As a man once wrote, I’m on my way to Mandalay. I’ve been forewarned that it’s one big old stinking dump, some travellers say it’s best avoided altogether in fact. Anyway, I’m flying back from there to Bangkok on Saturday, as they’ve very recently begun international operations from that airport. Previously, the only way for foreigners to enter and leave Myanmar was via Yangon airport, as all the land borders are closed to aliens. I decided against going any further “off piste” on the Burma circuit, bus travel is pretty slow and expensive to most destinations and often will set you down in the middle of the night.
I’ll spend two nights in Mandalay, working on the assumption that I can actually find a place to stay there. As I understand it, Chinese New Year is imminent and there is talk that the northern part of the country will be even busier than normal. Fingers crossed… Currently I’m at this service station en route.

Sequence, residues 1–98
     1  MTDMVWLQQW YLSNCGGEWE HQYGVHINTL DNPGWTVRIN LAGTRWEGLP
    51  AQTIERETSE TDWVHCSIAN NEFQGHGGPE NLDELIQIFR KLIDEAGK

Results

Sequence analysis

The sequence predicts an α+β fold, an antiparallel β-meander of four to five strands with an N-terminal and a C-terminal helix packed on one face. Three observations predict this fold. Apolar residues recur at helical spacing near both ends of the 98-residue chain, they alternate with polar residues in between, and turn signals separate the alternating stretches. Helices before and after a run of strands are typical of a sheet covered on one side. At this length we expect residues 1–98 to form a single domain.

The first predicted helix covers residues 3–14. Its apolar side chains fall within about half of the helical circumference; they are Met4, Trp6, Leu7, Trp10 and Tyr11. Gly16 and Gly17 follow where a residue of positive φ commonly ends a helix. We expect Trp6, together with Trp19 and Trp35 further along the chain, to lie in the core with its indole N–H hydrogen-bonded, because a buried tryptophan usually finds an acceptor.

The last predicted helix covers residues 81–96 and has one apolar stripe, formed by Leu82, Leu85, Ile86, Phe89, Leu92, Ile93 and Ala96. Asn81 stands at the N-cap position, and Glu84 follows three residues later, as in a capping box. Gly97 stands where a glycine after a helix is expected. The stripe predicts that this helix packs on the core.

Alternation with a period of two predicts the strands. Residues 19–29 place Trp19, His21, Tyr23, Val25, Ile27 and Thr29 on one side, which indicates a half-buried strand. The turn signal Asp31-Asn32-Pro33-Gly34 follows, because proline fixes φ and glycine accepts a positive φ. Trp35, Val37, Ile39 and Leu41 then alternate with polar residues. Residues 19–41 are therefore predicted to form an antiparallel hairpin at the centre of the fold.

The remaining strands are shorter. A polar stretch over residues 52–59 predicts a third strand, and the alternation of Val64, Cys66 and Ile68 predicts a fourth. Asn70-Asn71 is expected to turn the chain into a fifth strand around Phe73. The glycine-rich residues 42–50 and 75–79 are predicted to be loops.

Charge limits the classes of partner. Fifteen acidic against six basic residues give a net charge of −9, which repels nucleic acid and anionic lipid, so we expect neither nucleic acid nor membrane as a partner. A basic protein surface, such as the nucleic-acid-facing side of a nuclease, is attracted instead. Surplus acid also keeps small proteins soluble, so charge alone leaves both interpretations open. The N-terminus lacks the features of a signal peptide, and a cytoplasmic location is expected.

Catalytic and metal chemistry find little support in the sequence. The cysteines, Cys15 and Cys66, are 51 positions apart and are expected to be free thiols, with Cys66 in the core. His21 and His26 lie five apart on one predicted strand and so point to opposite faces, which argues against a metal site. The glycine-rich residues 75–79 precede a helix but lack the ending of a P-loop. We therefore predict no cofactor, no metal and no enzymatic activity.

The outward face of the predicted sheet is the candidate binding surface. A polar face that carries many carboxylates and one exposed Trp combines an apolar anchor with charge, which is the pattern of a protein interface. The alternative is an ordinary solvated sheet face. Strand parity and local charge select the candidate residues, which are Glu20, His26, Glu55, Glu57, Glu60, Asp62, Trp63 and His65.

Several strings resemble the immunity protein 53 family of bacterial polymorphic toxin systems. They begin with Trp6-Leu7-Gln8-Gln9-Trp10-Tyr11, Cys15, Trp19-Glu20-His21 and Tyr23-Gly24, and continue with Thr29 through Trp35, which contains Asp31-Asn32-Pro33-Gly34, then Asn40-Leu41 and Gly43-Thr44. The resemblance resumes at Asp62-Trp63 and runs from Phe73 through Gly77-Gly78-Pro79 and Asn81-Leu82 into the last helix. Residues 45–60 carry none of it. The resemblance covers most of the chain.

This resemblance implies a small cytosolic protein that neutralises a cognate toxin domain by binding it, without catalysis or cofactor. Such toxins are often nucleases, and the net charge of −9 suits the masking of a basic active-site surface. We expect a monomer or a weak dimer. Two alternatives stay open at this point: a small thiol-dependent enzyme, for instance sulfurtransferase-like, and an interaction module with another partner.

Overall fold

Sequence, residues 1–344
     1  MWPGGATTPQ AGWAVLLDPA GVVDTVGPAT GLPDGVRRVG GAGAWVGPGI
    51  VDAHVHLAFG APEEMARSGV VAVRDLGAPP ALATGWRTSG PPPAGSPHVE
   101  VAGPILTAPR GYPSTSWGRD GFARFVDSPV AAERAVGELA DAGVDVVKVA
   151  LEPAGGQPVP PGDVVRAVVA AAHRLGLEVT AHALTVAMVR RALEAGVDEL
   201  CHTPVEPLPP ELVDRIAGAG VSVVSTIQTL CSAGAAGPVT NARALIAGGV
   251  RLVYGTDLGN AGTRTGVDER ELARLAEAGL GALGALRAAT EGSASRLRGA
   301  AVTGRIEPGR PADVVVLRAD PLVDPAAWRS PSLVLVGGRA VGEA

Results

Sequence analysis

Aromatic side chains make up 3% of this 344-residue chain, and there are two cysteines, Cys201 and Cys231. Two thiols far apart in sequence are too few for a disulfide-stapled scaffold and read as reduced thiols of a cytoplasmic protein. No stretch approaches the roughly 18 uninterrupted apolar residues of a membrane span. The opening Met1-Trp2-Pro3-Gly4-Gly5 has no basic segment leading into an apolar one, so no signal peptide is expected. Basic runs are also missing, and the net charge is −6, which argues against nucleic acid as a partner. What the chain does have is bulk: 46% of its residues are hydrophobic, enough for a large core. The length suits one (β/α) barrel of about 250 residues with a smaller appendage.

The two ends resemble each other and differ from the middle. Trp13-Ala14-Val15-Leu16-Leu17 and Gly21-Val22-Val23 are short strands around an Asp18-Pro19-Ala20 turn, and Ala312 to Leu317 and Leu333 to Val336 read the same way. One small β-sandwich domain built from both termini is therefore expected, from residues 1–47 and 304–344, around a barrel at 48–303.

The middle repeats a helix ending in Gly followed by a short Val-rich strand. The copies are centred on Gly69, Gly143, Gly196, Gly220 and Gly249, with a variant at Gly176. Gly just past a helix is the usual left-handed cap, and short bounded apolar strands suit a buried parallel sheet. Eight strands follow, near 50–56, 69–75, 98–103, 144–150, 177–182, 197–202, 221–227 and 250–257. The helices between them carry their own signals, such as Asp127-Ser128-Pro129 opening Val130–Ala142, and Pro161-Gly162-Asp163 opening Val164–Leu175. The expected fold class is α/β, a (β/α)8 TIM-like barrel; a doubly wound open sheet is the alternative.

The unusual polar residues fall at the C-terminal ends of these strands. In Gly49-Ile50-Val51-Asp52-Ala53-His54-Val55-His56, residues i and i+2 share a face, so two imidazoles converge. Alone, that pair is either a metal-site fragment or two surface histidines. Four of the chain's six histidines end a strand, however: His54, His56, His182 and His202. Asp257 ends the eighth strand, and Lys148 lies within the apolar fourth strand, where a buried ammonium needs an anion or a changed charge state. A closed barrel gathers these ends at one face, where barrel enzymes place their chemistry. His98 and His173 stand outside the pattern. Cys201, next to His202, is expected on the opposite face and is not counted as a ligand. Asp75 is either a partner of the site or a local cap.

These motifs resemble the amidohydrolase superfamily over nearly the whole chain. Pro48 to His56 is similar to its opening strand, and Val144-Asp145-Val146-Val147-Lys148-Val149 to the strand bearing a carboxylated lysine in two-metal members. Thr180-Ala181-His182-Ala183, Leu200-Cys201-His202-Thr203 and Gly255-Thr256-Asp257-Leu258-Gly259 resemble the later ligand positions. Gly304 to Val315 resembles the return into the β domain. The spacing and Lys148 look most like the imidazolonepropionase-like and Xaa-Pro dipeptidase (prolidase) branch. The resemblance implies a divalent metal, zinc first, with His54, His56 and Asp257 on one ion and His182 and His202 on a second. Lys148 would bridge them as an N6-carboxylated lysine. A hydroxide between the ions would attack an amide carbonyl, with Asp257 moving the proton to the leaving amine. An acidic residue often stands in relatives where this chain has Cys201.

The road itself has been partly well paved, then a combination of very bumpy paving and dirt. Often the road ends completely, and the bus drives down onto dry riverbeds as there are no bridges, which must make travel pretty interesting in wet season I should think. In one case, over a very wide dry river, the bus actually goes on the working rail bridge that crosses it, with the bus literally driving along the rails. There did seem to be a man at each end, controlling when vehicles are allowed on, the idea presumably being to ensure that the train isn’t coming.
The bus is very civilised, by far the best I’ve used to far in Myanmar, but they have an obvious solution for when there are not enough spare seats.
Tomorrow perhaps I will take a morning boat for a day trip to Mingun, and this afternoon, if I arrive early enough as I have been promised I should, make a cycle trip out to the longest teak bridge in the world at Amarapura.